- Thanks for the many improvements to Cape Girardeau (04/29/16)
- Charleston, Pinecrest, Lake Woebegone and Lester (04/22/16)
- A kid's lesson on sales taxes is hard to forget (04/15/16)
- I wonder ... about elections and referendums (04/08/16)
- Missy Kitty takes a giant leap into springtime (04/01/16)
- An amazing year for the beauty of Easter (03/25/16)
- You wanted change. You got it. Now live with it. (03/18/16)
When you get to the fork in the road, take it
I like sidewalks -- most of them, anyway.
Most sidewalks function well, following streets here and there, going from Point A to Point B.
Some sidewalks, however, are problems. Take the sidewalks along Broadway, for example. They tend to be weed-infested during much of the year. That's the result of too few pedestrians and too many property owners of vacant buildings who don't care what their sidewalks look like.
For now, much of that problem has been solved. The city has spent millions of dollars installing new, weed-free sidewalks up and down Broadway. These new walkways look slick. It will take a couple of years for the weeds to reappear. So enjoy the scenery while you can.
The city has, in recent years, pushed for more and more sidewalks all over the city. Some of the sidewalks are part of what the city calls its trail system, connecting the walking-biking trails along storm-drainage creeks to parks all over the city. The walking-biking trails are heavily used. As a matter of fact, there are so many bikers and walkers that the need for separate trails has become apparent.
A few weeks ago, heavy equipment moved to the north side of William Street and began removing a big part of the hill whose summit is paved with Gordonville Road. There was a lot of speculation about this project, which turned out to be a Missouri Department of Transportation project to create a paved trail from the creek near Kingshighway all the way west to Silver Springs Road.
There has never been a safe place for walkers along that busy stretch of William Street. It could be argued that there wasn't a need, because there were so few walkers. Or, you could argue that there were so few walkers because there was no safe place to walk.
This catch-22 is being resolved by the new trail, at considerable cost and minus one hillside.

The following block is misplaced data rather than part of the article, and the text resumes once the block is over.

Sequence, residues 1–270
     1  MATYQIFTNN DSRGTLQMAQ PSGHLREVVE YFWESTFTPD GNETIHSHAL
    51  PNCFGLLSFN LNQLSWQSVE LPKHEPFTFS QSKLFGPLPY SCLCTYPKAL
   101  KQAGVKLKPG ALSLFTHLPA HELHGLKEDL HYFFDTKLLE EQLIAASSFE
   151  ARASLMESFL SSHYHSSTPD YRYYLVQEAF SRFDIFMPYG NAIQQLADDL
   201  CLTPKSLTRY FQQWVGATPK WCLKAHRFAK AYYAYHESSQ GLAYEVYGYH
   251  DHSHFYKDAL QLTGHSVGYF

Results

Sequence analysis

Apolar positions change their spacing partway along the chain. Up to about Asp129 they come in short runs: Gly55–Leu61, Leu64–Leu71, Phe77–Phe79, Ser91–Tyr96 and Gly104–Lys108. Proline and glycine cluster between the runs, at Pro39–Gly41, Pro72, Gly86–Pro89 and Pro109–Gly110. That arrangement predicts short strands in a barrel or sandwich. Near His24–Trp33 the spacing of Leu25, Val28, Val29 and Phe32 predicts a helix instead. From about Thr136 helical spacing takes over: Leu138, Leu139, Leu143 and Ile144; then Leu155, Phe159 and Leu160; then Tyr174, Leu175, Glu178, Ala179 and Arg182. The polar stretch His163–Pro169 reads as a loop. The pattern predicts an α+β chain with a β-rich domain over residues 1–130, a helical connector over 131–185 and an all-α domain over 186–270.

Question: Those who use the new trail will be going from where to where, exactly?
Should the mall ramp up for a huge influx of pedestrian or biking shoppers? Will the new mall employees be likely to walk to work? Will the line of cars at Chick-fil-A be replaced -- or matched -- by a long line of hungry walkers?
Another question: Walkers or bikers who use the new trail going west will wind up at the Silver Springs Road intersection with William Street. OK. Then what? Where will they go from there?
There is one other possibility. With the city's ever-growing trail system, won't it be easier for the unchecked deer population to get access to what, up till now, have been considered deer-free zones? Won't the new trail mean it will be easier for the famous albino buck to terrorize traffic zooming over the William Street hill? Or along Kingshighway?
I know I have raised some weighty issues that will make it a mite harder to digest your Cheerios. But that's my job: making you think.
Maybe you have some thoughts of your own about the new William Street Trail and Cycling Gateway. Or maybe you don't care one way or the other. Or maybe you think if you build still more trails, they will come. They who?
OK. I know there are perfectly good reasons for trails and sidewalks. I'm sorry I couldn't come up with more of them today.
Here's what I do know: Every motorist in town can tell you the exact location of his or her favorite pothole in our vast street system. If you left it up to vehicle operators, the money spent on some of the trails might go to repairs beyond throwing a few shovels full of asphalt in a hole to replace broken concrete.
But that's just me. What do you think?
Joe Sullivan is the retired editor of the Southeast Missourian.